I am thinking about the role that studio practice plays in the conduct of academic research. Back to the text Art Practice as Research…
In Chapter 5 of Art Practice as Research, Graeme Sullivan writes;
Maxine Greene says that art can’t change things, but it can change people, who can change things. She talks of the imagination as the place where the possible can happen, a place of “resisting fixities, seeking the openings,” where “we relish incompleteness, because that signifies that something still lies ahead” (2003, pp.22-23). The promise of change that comes from the imagination takes shape in the things we create, through what we make and experience, or from what we come to see and know through the experience of someone else. Using the visual arts to turn questions into understanding that give rise to more questions not only describes and aesthetic process of self-realization, but it also describes a process of research. If we believe that the outcome of inquiry is the creation of new knowledge, this means that knowing, or the capacity to use our understanding in new ways, will always be incomplete. Although this sense of unknowing propels the imagination there is always and element of completion as our new knowledge helps us understand things we did not know before. (p. 121)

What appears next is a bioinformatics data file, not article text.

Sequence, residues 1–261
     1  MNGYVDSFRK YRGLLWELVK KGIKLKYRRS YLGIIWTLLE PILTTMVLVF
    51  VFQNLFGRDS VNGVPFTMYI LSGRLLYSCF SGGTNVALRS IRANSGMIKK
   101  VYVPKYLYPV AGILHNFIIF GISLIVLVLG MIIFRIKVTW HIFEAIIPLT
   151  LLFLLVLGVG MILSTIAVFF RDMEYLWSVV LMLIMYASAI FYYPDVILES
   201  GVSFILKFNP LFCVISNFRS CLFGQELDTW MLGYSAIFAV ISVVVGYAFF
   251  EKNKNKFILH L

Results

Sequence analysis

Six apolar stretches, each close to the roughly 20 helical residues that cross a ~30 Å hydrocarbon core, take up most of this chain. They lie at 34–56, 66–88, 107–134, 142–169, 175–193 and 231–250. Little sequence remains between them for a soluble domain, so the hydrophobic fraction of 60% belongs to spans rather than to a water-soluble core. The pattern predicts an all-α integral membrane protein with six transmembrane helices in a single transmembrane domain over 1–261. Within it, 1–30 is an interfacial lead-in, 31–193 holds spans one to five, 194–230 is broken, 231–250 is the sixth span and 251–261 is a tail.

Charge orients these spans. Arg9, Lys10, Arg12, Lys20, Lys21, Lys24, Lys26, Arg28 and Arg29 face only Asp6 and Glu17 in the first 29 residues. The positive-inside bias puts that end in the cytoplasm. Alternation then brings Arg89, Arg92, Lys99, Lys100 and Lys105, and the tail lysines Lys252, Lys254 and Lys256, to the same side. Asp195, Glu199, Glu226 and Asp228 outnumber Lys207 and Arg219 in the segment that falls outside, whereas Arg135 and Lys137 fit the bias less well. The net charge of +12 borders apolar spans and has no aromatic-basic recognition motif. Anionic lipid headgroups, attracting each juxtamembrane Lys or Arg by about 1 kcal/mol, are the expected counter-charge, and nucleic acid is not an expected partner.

It is also perhaps relevant to be reminded that Albert Einstein once famously said that, “Imagination is more important than knowledge.” He also said that, “The most beautiful things we can experience is the mysterious. It is the source of all true arts and science.” And Gerhard Richter is quoted as having said, (Art)”presents itself as the Unmanageable, the Illogical, the Meaningless. It demonstrates the endless multiplicity of aspects; it takes away our certainty, because it deprives a thing of its meaning and its name. It shows us the thing in all the manifold significance and infinite variety that preclude the emergence of any single meaning and view”.
Hum, seems difficult imagine how one might intelligently argue that research could exist without visual art. And the last word here goes to, Mae Jemison (astronaut, doctor and dancer);